Shaping the future: Our strategy for research and innovation in humanitarian response.

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Panelists and audience members at the Global Prioritisation Exercise's (GPE) session for Humanitarian Networks and Partnerships Weeks (HNPW). Credit: Elrha

Last month, we convened a rich discussion as part of Humanitarian Networks and Partnerships Weeks 2023 to share consultation results from our flagship initiative, the Global Prioritisation Exercise (GPE) for Humanitarian Research and Innovation (HRI). This first look at insights from a multi-level global consultation with actors and funders working in the HRI field identified the key priorities and challenges for the sector. 

All our panellists considered ways to overcome key challenges and how to transform the research and innovation sector to improve efficiency, equity and best inform humanitarian action. 

A First Look at the Consultation Insights

The consultation, made up of 134 interviews, asked the following question:   

Some humanitarian crises receive disproportionately more research attention than other crises of similar devastation and magnitude…Some population groups also receive more research attention than others. Why do you think this might be the case, and what factors influence research funding and research attention?  

Four thematic areas stood out in the responses as being perceived to have the most influence on HRI funding and attention:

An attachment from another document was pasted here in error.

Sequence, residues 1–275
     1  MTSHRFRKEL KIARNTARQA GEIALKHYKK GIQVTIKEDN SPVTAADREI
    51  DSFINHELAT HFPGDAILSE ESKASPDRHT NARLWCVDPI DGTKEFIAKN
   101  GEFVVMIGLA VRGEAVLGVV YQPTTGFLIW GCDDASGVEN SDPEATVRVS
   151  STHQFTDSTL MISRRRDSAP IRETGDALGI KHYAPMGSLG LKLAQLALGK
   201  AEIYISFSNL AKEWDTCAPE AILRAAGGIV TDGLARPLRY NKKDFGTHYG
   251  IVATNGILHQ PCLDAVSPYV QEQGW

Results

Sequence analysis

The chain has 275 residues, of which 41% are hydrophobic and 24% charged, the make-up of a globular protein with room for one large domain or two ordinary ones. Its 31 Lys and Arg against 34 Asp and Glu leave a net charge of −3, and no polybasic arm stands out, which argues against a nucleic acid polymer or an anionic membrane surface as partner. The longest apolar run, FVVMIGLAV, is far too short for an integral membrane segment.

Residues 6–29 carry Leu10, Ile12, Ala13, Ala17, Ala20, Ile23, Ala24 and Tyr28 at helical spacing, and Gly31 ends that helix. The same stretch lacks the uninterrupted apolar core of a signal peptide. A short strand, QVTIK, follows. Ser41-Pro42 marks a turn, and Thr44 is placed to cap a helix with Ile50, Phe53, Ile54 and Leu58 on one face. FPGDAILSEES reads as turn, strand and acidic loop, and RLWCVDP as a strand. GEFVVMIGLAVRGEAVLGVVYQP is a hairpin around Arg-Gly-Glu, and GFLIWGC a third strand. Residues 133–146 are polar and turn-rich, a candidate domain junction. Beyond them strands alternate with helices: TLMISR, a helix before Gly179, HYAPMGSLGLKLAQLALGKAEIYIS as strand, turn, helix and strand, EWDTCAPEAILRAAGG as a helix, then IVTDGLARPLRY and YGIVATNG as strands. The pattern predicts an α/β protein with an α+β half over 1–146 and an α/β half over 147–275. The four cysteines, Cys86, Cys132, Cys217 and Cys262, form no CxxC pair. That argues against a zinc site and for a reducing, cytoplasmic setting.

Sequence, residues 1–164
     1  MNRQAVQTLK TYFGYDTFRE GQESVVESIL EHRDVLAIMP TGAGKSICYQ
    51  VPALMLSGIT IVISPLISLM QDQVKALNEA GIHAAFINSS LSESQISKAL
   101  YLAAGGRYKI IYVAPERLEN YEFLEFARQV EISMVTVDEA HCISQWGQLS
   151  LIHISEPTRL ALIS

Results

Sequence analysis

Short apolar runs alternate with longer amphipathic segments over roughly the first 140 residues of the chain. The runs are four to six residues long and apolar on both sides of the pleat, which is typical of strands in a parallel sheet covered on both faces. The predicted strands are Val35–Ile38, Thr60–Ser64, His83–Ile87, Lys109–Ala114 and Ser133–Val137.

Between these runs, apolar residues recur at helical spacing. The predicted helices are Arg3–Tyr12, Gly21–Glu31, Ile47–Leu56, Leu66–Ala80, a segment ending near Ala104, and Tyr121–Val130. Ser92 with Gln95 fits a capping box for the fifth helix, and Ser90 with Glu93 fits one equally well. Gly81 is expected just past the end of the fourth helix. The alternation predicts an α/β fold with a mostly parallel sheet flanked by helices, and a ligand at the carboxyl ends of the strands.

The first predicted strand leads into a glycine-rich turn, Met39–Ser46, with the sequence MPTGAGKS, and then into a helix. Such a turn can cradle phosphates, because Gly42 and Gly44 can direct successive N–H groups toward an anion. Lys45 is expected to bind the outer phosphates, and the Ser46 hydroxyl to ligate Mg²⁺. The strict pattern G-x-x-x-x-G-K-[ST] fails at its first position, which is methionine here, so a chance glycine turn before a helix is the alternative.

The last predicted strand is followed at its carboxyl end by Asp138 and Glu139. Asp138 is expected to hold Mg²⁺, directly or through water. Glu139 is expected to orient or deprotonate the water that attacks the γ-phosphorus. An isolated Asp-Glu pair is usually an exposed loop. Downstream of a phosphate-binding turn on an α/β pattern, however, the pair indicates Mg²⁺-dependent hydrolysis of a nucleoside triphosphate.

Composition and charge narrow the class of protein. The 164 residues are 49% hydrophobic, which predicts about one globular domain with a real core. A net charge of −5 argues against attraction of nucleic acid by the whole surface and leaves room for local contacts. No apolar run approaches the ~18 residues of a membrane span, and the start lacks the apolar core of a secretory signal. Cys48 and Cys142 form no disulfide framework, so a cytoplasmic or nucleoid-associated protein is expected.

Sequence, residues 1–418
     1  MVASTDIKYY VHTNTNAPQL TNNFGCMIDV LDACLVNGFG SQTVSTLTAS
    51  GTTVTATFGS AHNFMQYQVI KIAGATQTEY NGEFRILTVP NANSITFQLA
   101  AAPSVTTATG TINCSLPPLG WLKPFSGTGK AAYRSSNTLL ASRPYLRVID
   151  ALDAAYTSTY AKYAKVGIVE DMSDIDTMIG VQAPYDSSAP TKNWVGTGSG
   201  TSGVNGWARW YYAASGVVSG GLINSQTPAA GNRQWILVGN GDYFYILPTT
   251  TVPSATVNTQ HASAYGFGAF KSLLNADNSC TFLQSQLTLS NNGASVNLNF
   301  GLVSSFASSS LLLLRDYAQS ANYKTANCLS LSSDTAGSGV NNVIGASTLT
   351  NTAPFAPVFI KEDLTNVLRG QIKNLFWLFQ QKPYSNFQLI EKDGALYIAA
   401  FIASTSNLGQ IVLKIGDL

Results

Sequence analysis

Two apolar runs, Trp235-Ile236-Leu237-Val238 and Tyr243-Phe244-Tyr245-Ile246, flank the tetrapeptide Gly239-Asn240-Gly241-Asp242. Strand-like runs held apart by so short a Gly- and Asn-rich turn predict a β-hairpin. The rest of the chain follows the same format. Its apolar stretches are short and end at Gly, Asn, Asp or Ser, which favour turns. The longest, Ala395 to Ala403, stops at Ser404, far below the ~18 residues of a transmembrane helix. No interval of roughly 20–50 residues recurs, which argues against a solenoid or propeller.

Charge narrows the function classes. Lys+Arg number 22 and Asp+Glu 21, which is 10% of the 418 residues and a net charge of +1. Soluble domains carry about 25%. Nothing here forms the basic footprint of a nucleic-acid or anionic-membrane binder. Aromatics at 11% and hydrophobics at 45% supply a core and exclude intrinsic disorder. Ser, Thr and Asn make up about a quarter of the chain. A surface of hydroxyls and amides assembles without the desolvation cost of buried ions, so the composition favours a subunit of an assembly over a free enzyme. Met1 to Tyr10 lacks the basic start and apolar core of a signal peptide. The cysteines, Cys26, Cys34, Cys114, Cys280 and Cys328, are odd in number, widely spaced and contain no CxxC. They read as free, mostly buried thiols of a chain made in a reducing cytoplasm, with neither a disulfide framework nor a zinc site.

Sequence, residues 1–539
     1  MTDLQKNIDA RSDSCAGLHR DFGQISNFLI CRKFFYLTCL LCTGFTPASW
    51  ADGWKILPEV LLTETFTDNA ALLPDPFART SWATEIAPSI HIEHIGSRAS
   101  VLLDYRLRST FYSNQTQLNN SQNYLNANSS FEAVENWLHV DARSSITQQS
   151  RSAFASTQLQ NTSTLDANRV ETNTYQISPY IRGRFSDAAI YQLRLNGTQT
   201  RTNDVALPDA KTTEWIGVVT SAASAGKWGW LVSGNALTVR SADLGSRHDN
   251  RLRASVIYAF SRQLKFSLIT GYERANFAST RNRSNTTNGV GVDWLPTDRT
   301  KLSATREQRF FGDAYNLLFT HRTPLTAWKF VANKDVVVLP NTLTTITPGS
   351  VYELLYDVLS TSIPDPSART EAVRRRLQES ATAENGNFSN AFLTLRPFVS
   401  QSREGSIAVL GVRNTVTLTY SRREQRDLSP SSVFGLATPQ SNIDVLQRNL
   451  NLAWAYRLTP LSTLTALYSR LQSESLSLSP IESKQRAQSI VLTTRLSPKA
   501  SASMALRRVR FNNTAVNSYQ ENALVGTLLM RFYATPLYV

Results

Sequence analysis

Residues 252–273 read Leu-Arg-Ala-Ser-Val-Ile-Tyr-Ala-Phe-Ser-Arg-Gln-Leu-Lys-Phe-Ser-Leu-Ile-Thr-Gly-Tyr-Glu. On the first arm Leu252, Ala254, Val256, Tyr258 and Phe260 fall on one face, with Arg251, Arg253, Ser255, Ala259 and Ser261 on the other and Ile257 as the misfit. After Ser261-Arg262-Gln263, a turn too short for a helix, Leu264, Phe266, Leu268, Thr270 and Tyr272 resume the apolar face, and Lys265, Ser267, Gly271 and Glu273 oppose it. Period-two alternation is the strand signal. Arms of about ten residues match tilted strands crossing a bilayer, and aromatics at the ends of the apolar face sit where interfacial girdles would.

• Political and geopolitical considerations: including the potential impact of crises on large economic powers, geographical location and proximity bias, and the political climate in the crisis-affected setting. 
  • Donor-related factors: what donors prioritise (such as their own agendas or interests, or operational and lifesaving activities over research) and factors influencing donors (such as political priorities, public visibility or a focus on international agendas over national ones).  
  • The influence of the media: including perceptions that media visibility and attention can influence funding generally as well as the direct impact a high-level of media focus can have on research funding, and the relationship between fading media attention during protracted crises and a fall in funding and research interest.  
  • The nature and characteristics of a humanitarian crisis or issue: including concerns around the scale and severity of the issue, sudden onset events versus protracted or recurrent crises, and whether the crisis had a humanitarian or development focus. 

There is a widespread perception within the humanitarian community that factors other than need are influencing HRI funding and attention. The focus going forward should be the importance of shifting to a needs-based system, and for a collaborative, inclusive identification of priority topics, and a prioritised and equitable research agenda. 

Recommendations and System-level Priorities

The main recommendations that emerged from the consultation included a commitment to ensuring that HRI funding is needs-based and focuses on long-term impact rather than responding to the scale of a disaster or humanitarian crisis; the importance of advocacy and pushing back when HRI focus and priorities are politically driven and not needs-based;  and the use of new technologies and innovations to address logistical challenges and facilitate remote research and programming. 

The key message drawn from the consultation is that there is a widespread perception within the humanitarian community that factors other than need are influencing HRI funding and attention. The focus going forward should be the importance of shifting to a needs-based system, and for a collaborative, inclusive identification of priority topics, and a prioritised and equitable research agenda.

Panellists noted that change was also required at a global systems level, detailing four key areas in need of focus and better results: